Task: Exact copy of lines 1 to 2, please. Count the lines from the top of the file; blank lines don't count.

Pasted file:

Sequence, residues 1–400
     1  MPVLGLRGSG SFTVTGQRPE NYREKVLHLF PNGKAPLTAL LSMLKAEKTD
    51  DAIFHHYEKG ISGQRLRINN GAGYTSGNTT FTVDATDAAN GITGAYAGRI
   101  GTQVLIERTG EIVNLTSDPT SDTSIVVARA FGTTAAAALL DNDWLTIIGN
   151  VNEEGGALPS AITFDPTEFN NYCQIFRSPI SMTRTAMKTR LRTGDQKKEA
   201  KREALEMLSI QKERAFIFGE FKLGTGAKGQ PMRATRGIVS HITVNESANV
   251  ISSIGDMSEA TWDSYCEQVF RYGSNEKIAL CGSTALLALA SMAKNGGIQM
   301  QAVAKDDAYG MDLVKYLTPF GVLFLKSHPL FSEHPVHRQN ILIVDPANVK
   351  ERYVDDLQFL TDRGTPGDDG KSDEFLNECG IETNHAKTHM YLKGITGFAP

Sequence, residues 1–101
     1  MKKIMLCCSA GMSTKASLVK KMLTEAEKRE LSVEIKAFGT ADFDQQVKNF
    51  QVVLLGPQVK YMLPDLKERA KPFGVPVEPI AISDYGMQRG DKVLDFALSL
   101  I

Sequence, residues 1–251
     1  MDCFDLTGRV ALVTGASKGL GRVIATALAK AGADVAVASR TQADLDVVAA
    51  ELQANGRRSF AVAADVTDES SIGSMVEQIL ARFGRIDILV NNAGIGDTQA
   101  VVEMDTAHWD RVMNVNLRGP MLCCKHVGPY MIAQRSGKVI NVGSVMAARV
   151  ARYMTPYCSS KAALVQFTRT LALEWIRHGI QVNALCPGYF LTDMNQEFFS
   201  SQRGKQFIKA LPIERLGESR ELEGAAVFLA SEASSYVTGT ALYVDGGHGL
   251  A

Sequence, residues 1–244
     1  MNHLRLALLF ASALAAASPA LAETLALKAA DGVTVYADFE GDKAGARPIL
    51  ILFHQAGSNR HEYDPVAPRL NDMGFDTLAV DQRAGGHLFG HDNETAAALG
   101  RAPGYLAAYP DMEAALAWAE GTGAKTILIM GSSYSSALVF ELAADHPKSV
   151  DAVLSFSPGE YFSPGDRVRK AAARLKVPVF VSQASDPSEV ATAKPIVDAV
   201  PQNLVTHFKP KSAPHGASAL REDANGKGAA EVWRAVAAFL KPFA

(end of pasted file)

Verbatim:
Sequence, residues 1–400
     1  MPVLGLRGSG SFTVTGQRPE NYREKVLHLF PNGKAPLTAL LSMLKAEKTD